If you’ve been looking for a creative outlet during these days of social distancing, the National Archives and Records Administration may just have what you need. They’re requesting help transcribing historical records — including an important slice of TVA’s history — through their Citizen Archivist program.
NARA is the nation’s record keeper, and a real treasure trove for those interested in history. Besides preserving some of our country’s most important records (think the Declaration of Independence and the Constitution) NARA also retains many other documents important to private citizens, such as military, immigration and naturalization records.
One of the collections available is the TVA Family Removal and Population Readjustment Case Files, 1937-1948. When TVA built our hydroelectric projects, we sent caseworkers to homes and businesses to gather data about folks who would be impacted — often relocated — by these construction projects. These records provide a glimpse of how different families lived, capturing their level of education, where they worked and worshiped, as well as other important data. The information is a goldmine for genealogists and other researchers.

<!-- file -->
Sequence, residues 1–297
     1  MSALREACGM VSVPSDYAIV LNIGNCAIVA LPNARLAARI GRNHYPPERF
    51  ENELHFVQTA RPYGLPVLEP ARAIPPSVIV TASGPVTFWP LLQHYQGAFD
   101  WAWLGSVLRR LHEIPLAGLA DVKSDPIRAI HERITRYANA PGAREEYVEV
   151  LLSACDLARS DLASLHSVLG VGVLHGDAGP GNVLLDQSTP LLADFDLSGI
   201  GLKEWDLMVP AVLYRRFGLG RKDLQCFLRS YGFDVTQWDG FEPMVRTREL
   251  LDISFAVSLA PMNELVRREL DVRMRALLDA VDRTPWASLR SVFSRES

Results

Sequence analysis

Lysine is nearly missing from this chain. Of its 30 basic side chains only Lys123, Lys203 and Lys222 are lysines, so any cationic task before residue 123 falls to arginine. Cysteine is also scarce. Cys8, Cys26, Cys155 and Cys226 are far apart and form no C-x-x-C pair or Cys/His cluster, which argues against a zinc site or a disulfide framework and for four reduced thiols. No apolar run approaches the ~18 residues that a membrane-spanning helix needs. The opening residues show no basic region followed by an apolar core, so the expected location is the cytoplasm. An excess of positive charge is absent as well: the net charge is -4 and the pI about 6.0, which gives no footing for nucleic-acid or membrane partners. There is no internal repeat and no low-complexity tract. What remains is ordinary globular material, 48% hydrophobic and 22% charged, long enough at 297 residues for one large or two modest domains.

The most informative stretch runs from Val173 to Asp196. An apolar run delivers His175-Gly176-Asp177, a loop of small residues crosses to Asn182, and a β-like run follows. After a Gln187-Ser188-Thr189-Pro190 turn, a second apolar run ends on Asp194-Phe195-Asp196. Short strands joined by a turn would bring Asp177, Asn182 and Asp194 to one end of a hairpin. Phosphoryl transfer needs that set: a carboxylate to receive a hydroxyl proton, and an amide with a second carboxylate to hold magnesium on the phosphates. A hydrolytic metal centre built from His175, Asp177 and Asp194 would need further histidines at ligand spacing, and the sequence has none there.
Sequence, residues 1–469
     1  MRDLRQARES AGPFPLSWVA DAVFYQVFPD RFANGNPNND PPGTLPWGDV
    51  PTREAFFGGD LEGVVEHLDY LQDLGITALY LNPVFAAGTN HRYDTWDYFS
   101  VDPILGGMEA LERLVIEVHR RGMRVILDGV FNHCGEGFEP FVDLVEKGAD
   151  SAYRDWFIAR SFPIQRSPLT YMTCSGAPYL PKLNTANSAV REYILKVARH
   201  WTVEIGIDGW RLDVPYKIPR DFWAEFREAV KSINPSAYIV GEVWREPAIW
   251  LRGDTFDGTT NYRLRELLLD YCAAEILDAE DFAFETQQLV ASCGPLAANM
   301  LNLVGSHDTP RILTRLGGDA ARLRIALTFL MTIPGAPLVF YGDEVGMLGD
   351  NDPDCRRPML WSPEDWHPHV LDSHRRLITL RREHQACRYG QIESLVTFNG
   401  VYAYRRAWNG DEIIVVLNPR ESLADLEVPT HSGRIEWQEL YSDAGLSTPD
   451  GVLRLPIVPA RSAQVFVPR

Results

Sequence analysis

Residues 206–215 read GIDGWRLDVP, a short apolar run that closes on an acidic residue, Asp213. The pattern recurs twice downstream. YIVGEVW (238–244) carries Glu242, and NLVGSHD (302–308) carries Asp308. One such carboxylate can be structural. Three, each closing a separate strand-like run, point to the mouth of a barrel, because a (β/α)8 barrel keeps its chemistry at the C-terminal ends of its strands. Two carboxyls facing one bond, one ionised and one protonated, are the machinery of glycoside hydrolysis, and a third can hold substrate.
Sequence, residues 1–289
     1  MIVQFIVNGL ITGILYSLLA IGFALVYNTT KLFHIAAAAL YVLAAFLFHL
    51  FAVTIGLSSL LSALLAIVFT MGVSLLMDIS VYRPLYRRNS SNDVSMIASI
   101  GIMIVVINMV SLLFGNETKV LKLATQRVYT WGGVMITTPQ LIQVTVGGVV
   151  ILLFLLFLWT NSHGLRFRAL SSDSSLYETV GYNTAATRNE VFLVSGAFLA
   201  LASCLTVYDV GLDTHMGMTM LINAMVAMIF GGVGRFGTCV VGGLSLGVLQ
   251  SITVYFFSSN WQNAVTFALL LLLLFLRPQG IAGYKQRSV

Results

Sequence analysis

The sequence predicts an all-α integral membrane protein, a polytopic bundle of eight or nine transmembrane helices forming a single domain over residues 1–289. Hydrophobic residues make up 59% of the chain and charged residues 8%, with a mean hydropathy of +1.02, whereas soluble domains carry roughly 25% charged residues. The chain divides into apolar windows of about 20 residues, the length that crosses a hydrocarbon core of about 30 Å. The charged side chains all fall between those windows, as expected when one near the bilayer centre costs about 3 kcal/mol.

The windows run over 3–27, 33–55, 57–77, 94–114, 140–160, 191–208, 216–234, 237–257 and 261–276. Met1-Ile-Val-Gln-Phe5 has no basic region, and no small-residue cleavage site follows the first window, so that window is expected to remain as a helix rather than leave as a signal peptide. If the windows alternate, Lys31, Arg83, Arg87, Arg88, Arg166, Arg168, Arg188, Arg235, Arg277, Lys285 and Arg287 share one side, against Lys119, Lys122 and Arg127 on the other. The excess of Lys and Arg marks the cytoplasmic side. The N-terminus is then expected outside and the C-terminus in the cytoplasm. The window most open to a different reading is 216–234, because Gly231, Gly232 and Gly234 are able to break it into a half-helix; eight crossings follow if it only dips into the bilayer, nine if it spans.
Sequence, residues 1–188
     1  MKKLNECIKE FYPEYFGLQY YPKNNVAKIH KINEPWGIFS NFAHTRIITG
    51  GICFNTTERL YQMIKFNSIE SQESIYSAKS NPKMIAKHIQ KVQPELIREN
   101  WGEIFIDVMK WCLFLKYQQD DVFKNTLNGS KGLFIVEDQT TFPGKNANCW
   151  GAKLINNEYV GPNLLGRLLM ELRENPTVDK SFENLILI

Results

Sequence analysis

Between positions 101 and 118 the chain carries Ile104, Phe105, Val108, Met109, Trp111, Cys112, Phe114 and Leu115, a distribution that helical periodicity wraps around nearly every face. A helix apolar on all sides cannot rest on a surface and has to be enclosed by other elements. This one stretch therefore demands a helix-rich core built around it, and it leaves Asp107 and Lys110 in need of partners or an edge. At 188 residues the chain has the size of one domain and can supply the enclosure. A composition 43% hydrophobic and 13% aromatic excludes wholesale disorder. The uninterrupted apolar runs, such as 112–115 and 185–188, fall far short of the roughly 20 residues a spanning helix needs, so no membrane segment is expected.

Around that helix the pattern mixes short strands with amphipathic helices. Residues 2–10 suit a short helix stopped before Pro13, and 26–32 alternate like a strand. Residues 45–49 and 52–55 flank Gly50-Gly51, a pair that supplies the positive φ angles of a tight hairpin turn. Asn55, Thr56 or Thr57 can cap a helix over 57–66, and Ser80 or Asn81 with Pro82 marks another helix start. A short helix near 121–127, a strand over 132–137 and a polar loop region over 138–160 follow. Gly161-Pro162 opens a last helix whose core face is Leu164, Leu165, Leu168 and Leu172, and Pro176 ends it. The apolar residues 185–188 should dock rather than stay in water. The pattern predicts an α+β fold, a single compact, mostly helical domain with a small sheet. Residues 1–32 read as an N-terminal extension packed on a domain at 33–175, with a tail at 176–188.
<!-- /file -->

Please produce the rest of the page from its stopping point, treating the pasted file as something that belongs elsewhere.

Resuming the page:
While the National Archives is headquartered in Washington, D.C., there are branch repositories scattered across the country. Most of TVA’s historically significant records have been transferred to the National Archives facility in Atlanta, Georgia.
“There are tens of thousands of pages in the TVA Family Removal series that are ready for transcription, tagging, and comments,” said Maureen Hill, archivist at the Atlanta facility. She went on to add the importance of this type of crowdsourcing work, saying “It adds value to the records by improving access and searchability. And it’s fun!”